Children - the forgotten mourners

Social isolation is a major danger for people coping with a suicide death, says Mariel Forde Clarke, an holistic and spiritual teacher/trainer. Photograph by Mike Shaughnessy.

Social isolation is a major danger for people coping with a suicide death, says Mariel Forde Clarke, an holistic and spiritual teacher/trainer. Photograph by Mike Shaughnessy.

When a loved one dies children are sometimes unintentionally left out of the grieving process. Families, too shocked and devastated by the passing of a family member, may not even be aware of how much a child is suffering.

Children often do not know how to make their needs known or to articulate loss, according to Galway woman Mariel Forde Clarke, an holistic and spiritual teacher/trainer who will hold a two day workshop on loss and grieving entitled Loved ones - A whisper away with her psychotherapist husband Iggy Clarke on May 6 and 7. The event will take place from 10am to 5.30pm on Saturday and Sunday at the Croi Nua Spirituality Centre in Taylor’s Hill.

“Children do not have the resources or experiences to integrate loss into their worlds,” she says. “In their minds they often fill in gaps with thoughts like: ‘It must somehow be my fault’. Unfortunately a child’s interpretation is so illogical and irrational that adults never even think of it as a possibility.”

Children may also lack the ability to verbalise their emotions. “Since their lives are just beginning how can we expect them to understand life’s endings? Often the one person with whom they could most easily discuss their personal feelings is the one who has died, and sometimes the person who should be shepherding them through their loss is the surviving parent who is too often lost in their own grief. “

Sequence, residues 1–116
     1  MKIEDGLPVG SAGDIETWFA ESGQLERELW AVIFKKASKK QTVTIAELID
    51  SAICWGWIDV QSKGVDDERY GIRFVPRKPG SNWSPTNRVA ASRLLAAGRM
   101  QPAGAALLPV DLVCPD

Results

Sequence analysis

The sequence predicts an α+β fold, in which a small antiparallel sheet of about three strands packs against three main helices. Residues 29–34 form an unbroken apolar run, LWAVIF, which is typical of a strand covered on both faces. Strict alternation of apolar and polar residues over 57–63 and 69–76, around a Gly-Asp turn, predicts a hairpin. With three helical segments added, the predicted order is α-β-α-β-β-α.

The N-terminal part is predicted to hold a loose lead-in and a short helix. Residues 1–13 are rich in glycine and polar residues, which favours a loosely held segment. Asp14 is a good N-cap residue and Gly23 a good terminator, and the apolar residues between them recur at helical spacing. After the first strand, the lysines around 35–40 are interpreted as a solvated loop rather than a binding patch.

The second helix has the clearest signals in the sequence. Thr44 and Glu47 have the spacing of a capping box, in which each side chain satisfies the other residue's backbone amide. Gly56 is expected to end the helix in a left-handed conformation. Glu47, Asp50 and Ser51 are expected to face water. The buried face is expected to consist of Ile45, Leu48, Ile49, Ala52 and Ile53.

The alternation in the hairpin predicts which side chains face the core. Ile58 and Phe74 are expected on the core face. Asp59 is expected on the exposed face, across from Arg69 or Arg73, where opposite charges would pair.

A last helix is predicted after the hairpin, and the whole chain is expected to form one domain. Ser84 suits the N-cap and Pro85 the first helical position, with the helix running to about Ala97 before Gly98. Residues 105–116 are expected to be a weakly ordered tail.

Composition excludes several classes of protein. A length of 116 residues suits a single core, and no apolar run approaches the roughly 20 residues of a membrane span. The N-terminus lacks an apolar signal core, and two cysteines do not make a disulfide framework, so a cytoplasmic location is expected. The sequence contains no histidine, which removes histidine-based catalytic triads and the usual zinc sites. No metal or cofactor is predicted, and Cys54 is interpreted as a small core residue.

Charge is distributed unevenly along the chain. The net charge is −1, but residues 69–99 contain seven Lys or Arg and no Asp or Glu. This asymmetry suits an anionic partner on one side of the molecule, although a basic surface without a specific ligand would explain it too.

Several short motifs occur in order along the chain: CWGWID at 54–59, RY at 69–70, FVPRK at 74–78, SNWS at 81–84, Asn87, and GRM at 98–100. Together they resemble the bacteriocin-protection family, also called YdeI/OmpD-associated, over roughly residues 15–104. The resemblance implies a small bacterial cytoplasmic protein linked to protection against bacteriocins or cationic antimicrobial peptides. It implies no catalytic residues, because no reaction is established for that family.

Children grieve differently to adults, she says. “Unlike adults they don’t stop and give you their full attention. They may be fiddling with something while you talk but don’t mistake this for not listening or caring.”

She believes people have a responsibility to talk to children about grief. The way in which they experience early loss will be replayed on many occasions in their lives. “It may determine how safe the world feels, what their friendships are like, and how their romantic relationships play out.”

Helping children keep the memory of their loved ones alive is one of the simplest ways to assist them in their grieving, says Mariel who has been involved in holistic and spiritual work for 25 years. A master teacher/trainer she has studied with Deepak Shopra, an expert in the field of mind/body healing, James Van Praagh, a spiritual medium, Dr Brian Weiss, a US psychiatrist who specialises in past life regression, and the Diana Cooper Foundation, which offers teacher training in spiritual growth and angels.

There are a number of techniques that can be used to facilitate the grieving process in children, she says. These include the following:-